How Does Scores on Doors Work?
Scores on Doors operates on a demerit system where a venue accumulates more points for each mistake, aiming to achieve the lowest score possible. The final rating is determined by the total points they accumulate. But wait a second, shouldn’t the minimum requirements be the standard?
With this kind of model a 5-star restaurant represents meeting the legal requirements for selling food to the public and a 4-star restaurant is failing to meet its legal requirements but is still given a ‘very good’ rating.
Worst of all If they fail more than 15 points or have any critical food safety failure (worth 8 points) there is often no immediate penalty, they just don’t get a sticker for the window.
Well thats fine, consumers just need to steer clear of restaurants without stickers, Right?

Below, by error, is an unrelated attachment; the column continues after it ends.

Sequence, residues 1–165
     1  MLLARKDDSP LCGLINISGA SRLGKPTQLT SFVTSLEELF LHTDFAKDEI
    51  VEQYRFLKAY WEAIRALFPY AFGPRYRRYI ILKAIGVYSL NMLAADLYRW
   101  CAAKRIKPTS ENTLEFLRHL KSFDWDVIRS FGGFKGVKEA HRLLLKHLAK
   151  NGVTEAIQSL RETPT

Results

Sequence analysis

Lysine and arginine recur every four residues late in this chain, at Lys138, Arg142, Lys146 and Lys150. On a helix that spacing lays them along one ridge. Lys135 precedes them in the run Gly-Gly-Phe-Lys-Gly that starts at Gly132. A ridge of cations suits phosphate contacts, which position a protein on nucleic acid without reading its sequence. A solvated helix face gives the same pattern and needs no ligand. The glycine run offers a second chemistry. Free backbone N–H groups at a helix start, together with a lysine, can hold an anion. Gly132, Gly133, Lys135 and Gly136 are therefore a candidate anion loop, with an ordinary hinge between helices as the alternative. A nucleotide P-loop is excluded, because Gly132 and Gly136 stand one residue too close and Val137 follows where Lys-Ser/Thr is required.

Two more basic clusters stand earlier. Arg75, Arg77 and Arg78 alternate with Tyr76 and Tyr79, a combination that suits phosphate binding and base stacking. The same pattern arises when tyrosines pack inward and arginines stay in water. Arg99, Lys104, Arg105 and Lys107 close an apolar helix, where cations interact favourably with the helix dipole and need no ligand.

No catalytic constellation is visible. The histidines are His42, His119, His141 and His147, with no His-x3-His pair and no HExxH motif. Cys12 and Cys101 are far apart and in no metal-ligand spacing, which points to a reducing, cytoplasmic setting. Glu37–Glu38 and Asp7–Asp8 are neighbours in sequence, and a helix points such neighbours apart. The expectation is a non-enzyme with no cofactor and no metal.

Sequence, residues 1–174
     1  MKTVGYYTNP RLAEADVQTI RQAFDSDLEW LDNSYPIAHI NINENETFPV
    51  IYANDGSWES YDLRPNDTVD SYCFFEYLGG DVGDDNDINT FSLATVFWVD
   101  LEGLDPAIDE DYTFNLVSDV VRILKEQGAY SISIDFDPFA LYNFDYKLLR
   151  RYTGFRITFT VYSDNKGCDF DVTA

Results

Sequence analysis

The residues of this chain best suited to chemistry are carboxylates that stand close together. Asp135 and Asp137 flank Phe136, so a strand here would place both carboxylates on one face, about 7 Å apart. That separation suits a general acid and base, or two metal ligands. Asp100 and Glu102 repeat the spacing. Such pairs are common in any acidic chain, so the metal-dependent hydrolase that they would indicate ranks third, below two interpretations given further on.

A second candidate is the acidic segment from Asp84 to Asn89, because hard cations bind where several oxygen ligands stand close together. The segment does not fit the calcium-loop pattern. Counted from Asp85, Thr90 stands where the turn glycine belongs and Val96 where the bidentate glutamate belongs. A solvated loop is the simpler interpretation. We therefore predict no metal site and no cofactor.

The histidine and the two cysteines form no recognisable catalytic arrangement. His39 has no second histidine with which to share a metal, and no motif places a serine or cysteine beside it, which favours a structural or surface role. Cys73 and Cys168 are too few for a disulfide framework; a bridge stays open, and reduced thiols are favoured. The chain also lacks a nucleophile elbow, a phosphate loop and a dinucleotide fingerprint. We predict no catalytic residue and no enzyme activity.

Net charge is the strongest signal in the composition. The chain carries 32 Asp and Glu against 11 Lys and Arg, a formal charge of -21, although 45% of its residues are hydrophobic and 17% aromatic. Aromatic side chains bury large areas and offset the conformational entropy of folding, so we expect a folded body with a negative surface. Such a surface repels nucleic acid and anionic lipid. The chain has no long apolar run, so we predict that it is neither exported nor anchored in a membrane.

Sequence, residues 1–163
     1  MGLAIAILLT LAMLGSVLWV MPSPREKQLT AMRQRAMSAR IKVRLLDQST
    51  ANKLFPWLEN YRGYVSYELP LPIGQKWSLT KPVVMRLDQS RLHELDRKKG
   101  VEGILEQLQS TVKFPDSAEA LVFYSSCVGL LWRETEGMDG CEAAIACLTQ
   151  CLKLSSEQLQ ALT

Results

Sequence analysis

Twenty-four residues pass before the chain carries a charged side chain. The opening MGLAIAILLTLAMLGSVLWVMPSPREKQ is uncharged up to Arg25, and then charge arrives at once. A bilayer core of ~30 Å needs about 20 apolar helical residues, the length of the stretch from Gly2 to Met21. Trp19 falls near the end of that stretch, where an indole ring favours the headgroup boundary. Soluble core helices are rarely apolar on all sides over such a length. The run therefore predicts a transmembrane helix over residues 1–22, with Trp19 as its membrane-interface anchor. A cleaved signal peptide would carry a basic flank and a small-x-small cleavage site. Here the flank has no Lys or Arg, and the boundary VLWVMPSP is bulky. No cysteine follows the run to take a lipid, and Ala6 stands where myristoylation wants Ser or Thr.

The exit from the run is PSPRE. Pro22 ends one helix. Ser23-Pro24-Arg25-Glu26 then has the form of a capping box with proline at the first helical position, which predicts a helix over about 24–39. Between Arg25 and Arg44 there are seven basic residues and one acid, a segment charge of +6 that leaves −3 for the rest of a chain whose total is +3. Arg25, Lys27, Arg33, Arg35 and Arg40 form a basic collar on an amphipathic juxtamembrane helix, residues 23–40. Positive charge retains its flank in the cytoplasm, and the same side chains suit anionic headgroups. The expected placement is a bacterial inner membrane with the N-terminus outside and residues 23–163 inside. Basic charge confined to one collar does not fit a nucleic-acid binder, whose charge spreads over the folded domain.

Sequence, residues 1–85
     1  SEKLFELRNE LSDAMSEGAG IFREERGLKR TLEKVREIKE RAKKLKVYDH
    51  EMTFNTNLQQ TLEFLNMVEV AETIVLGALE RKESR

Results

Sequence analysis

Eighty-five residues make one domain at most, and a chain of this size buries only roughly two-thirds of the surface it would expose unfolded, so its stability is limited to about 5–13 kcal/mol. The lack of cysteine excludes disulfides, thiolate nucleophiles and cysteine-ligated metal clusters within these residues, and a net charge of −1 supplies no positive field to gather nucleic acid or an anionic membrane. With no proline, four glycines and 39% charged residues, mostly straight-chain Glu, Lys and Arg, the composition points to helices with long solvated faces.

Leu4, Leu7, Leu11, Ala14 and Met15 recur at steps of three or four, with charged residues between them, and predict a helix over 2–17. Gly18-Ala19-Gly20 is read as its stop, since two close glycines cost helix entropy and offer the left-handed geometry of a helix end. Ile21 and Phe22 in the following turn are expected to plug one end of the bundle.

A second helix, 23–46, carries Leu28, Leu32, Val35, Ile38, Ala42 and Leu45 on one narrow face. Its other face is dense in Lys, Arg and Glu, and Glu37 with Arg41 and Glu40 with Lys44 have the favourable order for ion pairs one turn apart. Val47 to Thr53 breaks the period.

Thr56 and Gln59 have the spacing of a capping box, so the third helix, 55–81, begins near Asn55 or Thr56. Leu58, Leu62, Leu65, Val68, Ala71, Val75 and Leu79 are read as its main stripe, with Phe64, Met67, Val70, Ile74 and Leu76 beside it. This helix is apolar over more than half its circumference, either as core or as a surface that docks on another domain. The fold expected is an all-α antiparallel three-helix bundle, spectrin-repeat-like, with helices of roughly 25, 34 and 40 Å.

Well, not quite. Here’s the kicker: the Scores on Doors program is entirely voluntary. Each restaurant decides if they want in. Furthermore, each council can also choose whether or not to participate. So a lack of a sticker on a restaurant could mean the following:
“But maybe it’s very easy to lose points, and losing 15 points is no big deal.” Guess again. Currently, a restaurant can lose over 100 points. Here are some examples of problems and the points deducted for each:
Now, imagine a restaurant falling short on these 5 issues and still clinching a respectable 4-star rating. Most consumers would likely assume they passed reasonably and they’d peacefully dive into a bowl of fettuccine with a sprinkle of ash and a side of spittle.